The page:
UK - A pension scheme has lost its battle to force a bankrupt trustee to repay £437,000 of bad investments which cut members' benefits by half.
The pensions ombudsman ordered Robert Woodland-Ferrari to make recompense to the UCL Group Retirement Benefits Scheme.
Woodland-Ferrari, though, refused to pay after declaring himself bankrupt. And his refusal has been upheld by the High Court.
UCL had argued that a bankrupt could not be discharged from bankruptcy debts incurred in respect of any fraudulent breach of trust. But the court pointed out that under the Insolvency Act 1986 a bankrupt is released from all his debts provided they are not connected with fraud.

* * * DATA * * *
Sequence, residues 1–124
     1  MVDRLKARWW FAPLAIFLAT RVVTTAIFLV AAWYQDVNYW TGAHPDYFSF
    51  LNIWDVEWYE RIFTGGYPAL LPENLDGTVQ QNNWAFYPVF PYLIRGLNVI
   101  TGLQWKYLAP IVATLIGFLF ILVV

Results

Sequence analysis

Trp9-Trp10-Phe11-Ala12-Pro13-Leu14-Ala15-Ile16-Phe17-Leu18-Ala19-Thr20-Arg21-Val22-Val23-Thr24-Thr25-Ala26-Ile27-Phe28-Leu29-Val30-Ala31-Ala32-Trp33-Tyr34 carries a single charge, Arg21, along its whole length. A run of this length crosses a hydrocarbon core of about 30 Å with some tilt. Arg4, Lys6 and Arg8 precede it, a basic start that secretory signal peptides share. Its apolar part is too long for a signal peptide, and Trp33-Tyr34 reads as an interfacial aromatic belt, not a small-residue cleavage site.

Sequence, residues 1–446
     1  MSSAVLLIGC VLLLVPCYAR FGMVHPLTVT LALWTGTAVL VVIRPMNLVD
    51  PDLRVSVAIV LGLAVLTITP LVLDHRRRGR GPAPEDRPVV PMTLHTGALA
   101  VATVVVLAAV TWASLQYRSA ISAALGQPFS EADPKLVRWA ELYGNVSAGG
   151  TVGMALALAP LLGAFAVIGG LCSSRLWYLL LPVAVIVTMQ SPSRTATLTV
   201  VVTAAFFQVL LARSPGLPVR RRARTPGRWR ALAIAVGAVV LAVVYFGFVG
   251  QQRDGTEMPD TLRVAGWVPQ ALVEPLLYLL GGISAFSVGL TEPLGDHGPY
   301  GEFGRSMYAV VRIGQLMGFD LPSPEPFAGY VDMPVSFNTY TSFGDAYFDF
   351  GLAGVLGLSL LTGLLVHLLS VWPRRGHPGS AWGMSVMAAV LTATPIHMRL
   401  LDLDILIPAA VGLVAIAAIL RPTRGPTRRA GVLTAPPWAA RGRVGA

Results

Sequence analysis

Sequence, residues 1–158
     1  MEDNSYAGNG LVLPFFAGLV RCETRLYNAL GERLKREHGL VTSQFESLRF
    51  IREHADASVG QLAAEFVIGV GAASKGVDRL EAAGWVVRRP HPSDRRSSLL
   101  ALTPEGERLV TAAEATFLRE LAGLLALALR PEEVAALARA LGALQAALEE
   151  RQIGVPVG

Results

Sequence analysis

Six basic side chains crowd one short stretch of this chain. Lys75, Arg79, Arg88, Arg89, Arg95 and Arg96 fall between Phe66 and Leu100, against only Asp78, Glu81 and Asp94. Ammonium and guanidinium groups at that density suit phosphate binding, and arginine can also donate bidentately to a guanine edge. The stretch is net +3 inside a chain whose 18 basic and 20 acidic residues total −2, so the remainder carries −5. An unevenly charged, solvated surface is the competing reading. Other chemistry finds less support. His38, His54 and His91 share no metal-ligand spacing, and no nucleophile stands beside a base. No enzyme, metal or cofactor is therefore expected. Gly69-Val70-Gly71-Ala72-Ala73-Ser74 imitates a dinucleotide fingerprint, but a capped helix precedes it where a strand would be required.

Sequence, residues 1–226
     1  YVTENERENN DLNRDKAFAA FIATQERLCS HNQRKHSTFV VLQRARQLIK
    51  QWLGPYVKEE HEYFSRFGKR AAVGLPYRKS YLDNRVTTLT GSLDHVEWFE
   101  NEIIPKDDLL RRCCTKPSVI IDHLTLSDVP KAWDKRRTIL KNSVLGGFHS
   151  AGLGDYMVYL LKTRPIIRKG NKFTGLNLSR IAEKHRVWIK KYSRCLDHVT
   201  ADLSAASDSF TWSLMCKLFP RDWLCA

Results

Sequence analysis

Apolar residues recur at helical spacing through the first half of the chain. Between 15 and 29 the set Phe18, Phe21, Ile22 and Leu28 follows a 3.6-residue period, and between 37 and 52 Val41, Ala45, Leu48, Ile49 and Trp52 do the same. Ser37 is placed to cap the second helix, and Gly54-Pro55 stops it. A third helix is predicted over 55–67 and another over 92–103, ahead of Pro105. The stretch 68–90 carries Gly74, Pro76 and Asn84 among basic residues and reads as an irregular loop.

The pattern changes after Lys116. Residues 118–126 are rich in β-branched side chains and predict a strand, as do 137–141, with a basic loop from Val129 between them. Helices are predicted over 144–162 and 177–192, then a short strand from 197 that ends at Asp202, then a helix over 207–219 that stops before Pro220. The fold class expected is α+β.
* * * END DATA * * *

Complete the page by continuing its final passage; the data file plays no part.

Simmons & Simmons solicitor Kirsty Bartlett said: “The court held that though the applicant had been in ‘wilful default’ in making investments in breach of trust, it did not necessarily involve fraud.”
Ashurst Morris Crisp senior associate John Sabel added: “The outcome of the case may have been different if the claim had set out details of the alleged fraud, or if the decision of the pensions ombudsman had reflected the precise words of the Insolvency Act.”
But Sabel said that there was no reason why the ombudsman should have mirrored the Insolvency Act in his determination, because he was answering the question of maladministration not fraud.
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